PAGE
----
Computer Glitch? Consider Calling the Phone
By Andrew LaValle
The Wall Street Journal
Thursday, July 31, 2008
When Rob Tugman's computers started acting up, he called the
manufacturer. After an hour waiting on hold and going
through basic troubleshooting steps, the Dell Inc.
representative told him the problem was his operating system and
to call Microsoft Corp.
He spent 90 minutes on the phone with Microsoft, only to be told
to call Dell again. "It's like catch-22," said the
58-year-old antiques dealer, who lives in
After paying $100 for a local repairman to help, which also
didn't solve his problem, Mr. Tugman was out of ideas when his
wife made an odd suggestion: Call the phone company.
She had signed up with their carrier,
Corp., for a trial program that provided them with
over-the-phone technical support for $7.95 a month. He was
skeptical. "I said, O God, for $7.95, what am I going to
get? 'Is my computer plugged in?'"
The technician walked him through a software reinstallation and
recovery of his email. "Not only were they extremely
courteous," he said, "but they knew exactly what to do."
Land-line phone companies across the country are wading into the
tech-support business, seeing it as a way to hold onto customers
while developing a new revenue stream. As they have gotten
deeper into selling Internet services, as part of bundled
packages with TV and voice, technicians are often already in the
house installing routers and other devices, making tech support
a natural add-on.
People want the same level of IT support they get in the
workplace, said Dan Alcazar, Embarq's consumer marketing
officer. "When you're at home, you don't have access to
these kinds of things," he said. "It became apparent that
there was a business opportunity there."
Carriers also are barraged with questions unrelated to the
products they sell, such as software installation, photo-sharing
and spyware removal. Instead of telling customers it's not their
problem, they're attempting to tackle the questions -- for a
price -- over the phone, in person or with outsourced
technicians, depending on the carrier.
Embarq, which has been testing its service in
and New Jersey,
plans next month to expand to the other 16 states where it
Corp. launched its technical-help service this week.
Inc. both have offered support to their broadband subscribers,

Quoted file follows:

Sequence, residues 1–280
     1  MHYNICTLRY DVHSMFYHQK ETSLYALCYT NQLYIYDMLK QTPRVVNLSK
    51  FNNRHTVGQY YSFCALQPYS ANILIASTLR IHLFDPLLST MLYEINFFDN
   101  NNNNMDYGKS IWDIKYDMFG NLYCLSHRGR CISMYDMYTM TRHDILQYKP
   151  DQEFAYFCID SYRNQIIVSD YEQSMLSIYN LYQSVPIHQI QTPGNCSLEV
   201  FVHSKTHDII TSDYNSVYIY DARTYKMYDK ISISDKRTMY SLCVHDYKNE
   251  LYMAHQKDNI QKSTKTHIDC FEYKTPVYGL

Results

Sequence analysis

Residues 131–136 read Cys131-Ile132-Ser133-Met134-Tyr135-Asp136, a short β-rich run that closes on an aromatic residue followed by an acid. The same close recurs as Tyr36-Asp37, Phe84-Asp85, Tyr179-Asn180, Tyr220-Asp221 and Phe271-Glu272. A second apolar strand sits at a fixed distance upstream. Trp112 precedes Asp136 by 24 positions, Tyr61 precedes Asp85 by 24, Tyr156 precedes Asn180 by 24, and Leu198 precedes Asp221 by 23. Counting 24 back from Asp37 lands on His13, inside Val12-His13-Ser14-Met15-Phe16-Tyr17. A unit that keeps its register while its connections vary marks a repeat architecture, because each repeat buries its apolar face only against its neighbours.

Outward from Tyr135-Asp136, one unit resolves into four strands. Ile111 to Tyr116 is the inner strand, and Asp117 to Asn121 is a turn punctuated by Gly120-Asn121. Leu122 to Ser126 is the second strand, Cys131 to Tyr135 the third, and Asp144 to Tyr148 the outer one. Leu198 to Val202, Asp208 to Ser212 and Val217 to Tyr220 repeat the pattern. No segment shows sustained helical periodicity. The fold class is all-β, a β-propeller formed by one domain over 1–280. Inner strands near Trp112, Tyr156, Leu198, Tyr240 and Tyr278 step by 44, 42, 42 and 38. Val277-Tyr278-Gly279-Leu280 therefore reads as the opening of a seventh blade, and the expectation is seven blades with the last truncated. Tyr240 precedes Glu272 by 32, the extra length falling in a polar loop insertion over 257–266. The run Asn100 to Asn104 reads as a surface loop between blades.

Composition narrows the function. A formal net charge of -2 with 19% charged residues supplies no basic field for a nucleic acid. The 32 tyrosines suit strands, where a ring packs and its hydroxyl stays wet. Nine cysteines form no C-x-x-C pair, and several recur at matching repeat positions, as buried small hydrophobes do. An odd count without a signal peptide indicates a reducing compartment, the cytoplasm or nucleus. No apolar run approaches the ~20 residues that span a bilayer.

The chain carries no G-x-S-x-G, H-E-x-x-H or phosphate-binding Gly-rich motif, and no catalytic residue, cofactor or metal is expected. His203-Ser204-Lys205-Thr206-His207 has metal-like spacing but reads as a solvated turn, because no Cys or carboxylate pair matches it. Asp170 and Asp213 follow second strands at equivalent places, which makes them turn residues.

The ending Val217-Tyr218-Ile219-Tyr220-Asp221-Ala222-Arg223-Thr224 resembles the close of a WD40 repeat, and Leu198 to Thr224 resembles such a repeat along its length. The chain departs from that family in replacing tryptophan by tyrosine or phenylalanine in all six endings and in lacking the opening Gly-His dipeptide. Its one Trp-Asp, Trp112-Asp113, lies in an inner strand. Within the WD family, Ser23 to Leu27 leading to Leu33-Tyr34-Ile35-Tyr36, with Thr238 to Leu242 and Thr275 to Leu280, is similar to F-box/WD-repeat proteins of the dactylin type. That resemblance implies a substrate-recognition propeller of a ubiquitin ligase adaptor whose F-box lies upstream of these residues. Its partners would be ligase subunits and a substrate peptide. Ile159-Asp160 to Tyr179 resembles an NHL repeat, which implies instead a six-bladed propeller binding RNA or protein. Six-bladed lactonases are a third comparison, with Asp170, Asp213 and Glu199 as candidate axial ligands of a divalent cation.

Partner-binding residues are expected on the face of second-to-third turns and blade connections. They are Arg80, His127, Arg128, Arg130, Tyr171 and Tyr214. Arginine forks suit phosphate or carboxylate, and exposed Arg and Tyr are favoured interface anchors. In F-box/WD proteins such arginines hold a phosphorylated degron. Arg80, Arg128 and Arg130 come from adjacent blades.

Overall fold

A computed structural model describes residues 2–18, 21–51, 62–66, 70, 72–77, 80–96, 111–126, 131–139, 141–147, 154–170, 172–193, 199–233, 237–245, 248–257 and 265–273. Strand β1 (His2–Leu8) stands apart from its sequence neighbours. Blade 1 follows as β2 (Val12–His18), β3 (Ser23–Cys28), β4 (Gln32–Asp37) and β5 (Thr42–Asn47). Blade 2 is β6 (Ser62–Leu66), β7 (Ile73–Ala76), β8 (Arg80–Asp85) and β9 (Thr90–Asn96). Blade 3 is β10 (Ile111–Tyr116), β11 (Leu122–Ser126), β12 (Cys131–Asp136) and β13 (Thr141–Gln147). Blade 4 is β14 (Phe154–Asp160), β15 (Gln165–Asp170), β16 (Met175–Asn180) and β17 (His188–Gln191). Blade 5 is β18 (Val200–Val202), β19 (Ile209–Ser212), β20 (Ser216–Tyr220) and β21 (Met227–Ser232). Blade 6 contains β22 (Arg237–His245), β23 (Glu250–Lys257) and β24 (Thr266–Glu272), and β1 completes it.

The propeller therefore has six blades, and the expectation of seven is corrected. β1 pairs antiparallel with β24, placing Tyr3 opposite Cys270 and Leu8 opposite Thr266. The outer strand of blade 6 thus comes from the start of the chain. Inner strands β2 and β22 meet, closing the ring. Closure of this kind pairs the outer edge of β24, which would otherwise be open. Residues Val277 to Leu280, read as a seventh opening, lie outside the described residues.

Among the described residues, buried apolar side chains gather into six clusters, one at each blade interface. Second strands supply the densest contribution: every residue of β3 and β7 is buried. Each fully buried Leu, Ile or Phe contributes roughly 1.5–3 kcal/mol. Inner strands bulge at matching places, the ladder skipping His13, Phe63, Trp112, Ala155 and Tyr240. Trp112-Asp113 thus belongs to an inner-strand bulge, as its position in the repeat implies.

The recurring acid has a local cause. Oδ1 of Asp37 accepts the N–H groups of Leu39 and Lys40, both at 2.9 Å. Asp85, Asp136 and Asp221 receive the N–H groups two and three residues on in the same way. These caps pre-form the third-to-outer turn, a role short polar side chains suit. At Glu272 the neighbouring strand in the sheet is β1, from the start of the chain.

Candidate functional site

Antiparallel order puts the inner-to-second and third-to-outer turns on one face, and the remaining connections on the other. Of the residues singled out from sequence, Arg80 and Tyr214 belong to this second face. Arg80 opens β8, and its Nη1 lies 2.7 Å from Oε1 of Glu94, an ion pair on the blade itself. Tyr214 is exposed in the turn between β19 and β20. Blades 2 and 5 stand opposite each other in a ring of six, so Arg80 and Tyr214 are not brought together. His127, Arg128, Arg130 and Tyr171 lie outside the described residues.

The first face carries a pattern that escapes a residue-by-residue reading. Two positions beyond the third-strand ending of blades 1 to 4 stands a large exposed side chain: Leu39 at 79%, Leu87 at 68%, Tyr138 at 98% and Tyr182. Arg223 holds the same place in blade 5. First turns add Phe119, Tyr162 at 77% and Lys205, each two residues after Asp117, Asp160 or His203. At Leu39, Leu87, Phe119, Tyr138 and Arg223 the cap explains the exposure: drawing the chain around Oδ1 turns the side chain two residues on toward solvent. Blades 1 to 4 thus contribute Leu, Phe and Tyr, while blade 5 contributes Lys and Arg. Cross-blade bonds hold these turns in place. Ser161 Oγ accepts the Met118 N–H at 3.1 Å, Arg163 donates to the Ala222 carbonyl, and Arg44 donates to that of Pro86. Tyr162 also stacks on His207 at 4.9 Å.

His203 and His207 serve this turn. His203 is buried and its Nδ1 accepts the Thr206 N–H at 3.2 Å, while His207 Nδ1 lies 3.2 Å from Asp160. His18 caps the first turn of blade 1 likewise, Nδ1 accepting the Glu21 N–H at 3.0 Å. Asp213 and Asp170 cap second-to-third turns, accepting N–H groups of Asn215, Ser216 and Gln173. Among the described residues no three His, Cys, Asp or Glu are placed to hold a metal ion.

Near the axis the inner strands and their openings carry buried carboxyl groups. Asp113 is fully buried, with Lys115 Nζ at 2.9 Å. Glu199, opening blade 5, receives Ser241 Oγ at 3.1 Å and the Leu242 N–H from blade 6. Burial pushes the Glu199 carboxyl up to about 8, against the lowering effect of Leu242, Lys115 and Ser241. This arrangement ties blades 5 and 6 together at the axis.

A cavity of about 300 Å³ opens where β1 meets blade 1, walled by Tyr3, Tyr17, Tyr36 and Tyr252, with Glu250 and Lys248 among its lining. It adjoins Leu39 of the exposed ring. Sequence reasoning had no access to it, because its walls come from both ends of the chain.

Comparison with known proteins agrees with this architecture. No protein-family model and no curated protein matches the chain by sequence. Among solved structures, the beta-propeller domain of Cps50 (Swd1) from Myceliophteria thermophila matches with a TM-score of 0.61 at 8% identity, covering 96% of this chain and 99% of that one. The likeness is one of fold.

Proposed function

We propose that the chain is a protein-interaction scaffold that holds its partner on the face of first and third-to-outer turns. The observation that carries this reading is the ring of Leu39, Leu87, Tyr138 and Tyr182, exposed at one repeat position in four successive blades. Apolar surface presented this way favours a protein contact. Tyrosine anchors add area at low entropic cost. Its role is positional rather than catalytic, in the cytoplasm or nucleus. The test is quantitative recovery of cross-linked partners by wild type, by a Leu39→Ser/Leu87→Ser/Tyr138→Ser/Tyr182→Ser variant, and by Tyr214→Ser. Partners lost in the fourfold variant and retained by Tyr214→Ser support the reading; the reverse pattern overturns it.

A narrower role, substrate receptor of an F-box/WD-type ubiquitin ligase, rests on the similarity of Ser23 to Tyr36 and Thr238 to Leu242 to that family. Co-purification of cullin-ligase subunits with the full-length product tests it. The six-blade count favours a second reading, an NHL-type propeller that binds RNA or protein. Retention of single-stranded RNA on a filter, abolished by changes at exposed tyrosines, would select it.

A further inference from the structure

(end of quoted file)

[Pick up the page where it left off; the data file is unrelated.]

while Verizon last month started letting customers sign up for a
"device protection" option for their PC, phone or TV.
While those carriers limit their service to existing customers,
Frontier Communications Corp., whose name change from Citizens
Communications Co. is effective Thursday, is taking the unusual
step of selling its help-desk services outside its coverage area
and even to competitors' customers.
Qwest Communications International
Inc. are both in the trial stages of their support initiatives.
The services cost anywhere from a few dollars a month, if
customers sign up for continuing phone-based help, to $100 or
more for house calls and one-time issues. In contrast, an
in-home repair by Geek Squad,
Co.'s well-known support business, costs about $300.
Lynn Healy, 52, called Frontier after moving to Rhinebeck, N.Y.,
because she couldn't connect a PC to her wireless home network.
The technician set it up, then told her that the router she
brought from her previous home was a better choice than the one
Frontier provided, a tip that she appreciated.
"That was a first for me," she said. "Usually, you call
and just end up talking to computers, and then end up getting
Customer satisfaction is a critical part of these offerings, as
phone companies fight to keep customers from defecting to
wireless and cable operators.
This type of add-on service is an important part of retaining
customers, said Melinda White, head of new business operations
at Frontier. For the Stamford, Conn.,
telecom, which operates in 24 states, it is also a way of
gaining new customers. Unlike the other carriers, it is
offering its support service nationwide and to competitors'
customers after seeing a strong response in its existing
"Hey, it's part of doing business," she said. "And
frankly, all of our ways of doing business will need to adjust
and change and grow to keep our businesses growing at the pace
Limits to Offerings
Verizon and Windstream outsource their help desks to
Circuit City Stores
Inc.'s Firedog service and HiWired Inc., a Needham, Mass.,
remote-support start-up, respectively. The others are
determining how broad their offerings will be.
For example, Verizon likely wouldn't be able to help a customer
transfer files between a PC and a digital video recorder if it
was provided by another vendor, said Pete Castleton, its
director of corporate marketing.
Carriers are also realizing that troubleshooting requires people
skills as well as technical know-how. By the time
customers call, they're often already at the end of their rope.
"It's a pretty emotional space," said Dan Yost, Qwest's
executive vice president of product and information technology.
Before Qwest rolls out its version of the Geek Squad, he said,
it wants to make sure it can assist customers in a user-friendly
Spelling It Out
A recent experience with his own parents -- he gave them a
digital photo frame, which his mother unplugged, then called to
tell him it was broken -- was a reminder that what might seem
obvious to someone who understands the latest technology might
need to be spelled out to a customer.
One of the things H.D. Shinn appreciated when he needed help
fixing an AOL snafu was that the Embarq technician didn't talk
down to him. "They're nice, they're polite, they don't
make you feel stupid, which I am," said the 74-year-old
Fla., retiree, who is the first to
admit he's not the least bit tech-savvy.